Engineering design is a process that requires information to be processed and decisions to be made in the presence of significant levels of imprecision and uncertainty. Traditional approaches to engineering have focused on analyzing precise information. Our research has introduced a formal method for representing and manipulating imprecise information in engineering design to enable designers to compare the performance of design alternatives, even at the highly imprecise preliminary stages.
Engineering design is a process comprised of many recognizable stages: analysis of requirements, concept generation, concept evaluation and refinement, embodiment design, detail design, etc. Once several concepts have been generated, this process is one of reducing the uncertainty with which each design alternative is described. This uncertainty is comprised of uncertainty in choosing among alternatives (imprecision) and also stochastic uncertainty (usually pertaining to random, uncontrollable events). The level of imprecision in the description of design elements is typically high in the preliminary phase of engineering design. As the design process proceeds, the imprecision with which each design variable is known is reduced, although the stochastic uncertainty usually remains).
An imprecise variable in preliminary design is a variable which may potentially assume any value within a possible range because the designer does not know, a priori, the final value that will emerge from the design process. The nominal value of a length dimension is an example of an imprecise variable. Even though the designer is uncertain about the final value of a variable, he or she usually has a preference or desire for choosing certain values over others. This preference is used to quantify the imprecision with which design variables are known in the preliminary phase of engineering design. Imprecision is represented and manipulated in this way as a basis for decision-making during the progression of the design process from imprecise design configurations to a precise physical device or process.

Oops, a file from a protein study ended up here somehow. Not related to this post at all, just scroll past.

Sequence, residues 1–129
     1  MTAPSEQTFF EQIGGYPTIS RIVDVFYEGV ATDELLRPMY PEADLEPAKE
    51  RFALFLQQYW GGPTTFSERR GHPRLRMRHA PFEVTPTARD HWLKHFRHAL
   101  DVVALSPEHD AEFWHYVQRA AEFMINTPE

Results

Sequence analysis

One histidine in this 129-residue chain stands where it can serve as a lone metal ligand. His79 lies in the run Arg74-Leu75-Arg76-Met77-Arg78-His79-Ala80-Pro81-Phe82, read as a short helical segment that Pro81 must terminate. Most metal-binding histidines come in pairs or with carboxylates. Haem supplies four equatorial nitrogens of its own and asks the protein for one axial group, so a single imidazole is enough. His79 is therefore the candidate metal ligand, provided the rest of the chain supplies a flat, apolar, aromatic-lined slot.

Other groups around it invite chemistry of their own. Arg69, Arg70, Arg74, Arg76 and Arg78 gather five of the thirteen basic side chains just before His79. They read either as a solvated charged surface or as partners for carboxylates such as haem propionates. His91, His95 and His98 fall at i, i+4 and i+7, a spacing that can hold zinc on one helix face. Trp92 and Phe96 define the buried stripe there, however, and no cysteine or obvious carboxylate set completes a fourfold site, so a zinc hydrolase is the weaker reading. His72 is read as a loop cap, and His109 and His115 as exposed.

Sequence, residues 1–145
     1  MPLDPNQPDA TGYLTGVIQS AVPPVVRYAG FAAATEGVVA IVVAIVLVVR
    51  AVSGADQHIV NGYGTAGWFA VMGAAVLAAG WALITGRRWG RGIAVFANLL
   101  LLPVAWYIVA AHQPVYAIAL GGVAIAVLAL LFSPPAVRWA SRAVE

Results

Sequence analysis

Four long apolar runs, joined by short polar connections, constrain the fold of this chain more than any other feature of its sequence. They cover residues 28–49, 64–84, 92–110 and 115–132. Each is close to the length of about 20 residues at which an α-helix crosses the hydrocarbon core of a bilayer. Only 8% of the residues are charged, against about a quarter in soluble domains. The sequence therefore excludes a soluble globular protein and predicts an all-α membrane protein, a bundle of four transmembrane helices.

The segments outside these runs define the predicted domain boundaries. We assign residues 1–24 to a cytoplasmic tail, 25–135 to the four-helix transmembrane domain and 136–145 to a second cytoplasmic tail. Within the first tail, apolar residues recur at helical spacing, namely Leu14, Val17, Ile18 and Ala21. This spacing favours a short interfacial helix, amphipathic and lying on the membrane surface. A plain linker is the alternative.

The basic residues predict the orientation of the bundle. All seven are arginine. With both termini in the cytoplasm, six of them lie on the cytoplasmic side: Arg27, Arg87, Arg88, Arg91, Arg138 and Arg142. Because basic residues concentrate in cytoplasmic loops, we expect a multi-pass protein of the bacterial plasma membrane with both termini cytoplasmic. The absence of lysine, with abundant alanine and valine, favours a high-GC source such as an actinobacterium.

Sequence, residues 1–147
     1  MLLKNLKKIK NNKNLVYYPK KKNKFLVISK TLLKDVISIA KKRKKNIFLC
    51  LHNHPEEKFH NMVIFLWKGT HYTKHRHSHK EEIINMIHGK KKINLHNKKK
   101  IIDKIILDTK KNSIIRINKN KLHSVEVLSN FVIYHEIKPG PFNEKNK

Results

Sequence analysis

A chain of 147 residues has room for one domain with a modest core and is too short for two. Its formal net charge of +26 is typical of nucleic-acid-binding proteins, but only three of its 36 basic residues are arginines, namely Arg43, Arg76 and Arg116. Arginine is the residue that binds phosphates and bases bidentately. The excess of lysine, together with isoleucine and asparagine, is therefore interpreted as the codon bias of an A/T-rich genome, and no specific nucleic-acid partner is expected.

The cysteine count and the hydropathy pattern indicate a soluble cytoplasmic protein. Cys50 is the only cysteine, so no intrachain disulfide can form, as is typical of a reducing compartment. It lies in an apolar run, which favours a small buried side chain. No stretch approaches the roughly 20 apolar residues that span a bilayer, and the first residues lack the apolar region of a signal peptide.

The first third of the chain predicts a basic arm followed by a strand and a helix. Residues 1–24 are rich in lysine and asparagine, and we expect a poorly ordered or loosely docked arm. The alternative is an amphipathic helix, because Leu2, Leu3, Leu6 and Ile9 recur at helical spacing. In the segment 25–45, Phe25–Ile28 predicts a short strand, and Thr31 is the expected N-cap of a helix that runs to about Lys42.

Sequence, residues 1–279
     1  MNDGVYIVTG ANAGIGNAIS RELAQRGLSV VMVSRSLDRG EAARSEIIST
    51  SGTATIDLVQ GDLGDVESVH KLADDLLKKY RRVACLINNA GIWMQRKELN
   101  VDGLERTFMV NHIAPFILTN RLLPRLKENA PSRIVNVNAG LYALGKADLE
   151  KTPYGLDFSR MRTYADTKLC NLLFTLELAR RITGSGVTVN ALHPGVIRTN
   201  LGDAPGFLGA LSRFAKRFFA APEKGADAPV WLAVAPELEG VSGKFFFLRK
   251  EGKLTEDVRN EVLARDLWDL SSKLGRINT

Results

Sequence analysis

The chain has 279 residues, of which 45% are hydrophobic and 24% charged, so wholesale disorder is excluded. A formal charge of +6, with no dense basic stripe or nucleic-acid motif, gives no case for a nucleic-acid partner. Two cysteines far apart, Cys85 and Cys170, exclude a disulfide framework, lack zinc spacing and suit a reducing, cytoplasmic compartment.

Stochastic uncertainty arises from a lack of exact knowledge of a variable due to some process the designer has no direct control or choice over. A manufacturing tolerance is an example of such an uncertainty.
We have also developed methods that permit the designer to implement an explicit design strategy, depending on the particular problem. The strategy can range from non-compensating (which reflects a conservative design process) to a compensating, aggressive approach. These strategies permit the designer to choose values for design variables for each alternative configuration, including the effects of imprecision and uncertainty, by trading-off one or more performance variables against others, and/or one or more design variables against others.
Our semi-automated design method was developed to aid the designer in making decisions in the the preliminary phase of design, and has the following objectives:
This material is based upon work supported, in part, by the National Science Foundation under NSF Grant Numbers DMI-9813121 and DMI-9523232. Any opinions, findings, conclusions, or recommendations expressed in this publication are those of the authors and do not necessarily reflect the views of the sponsor(s).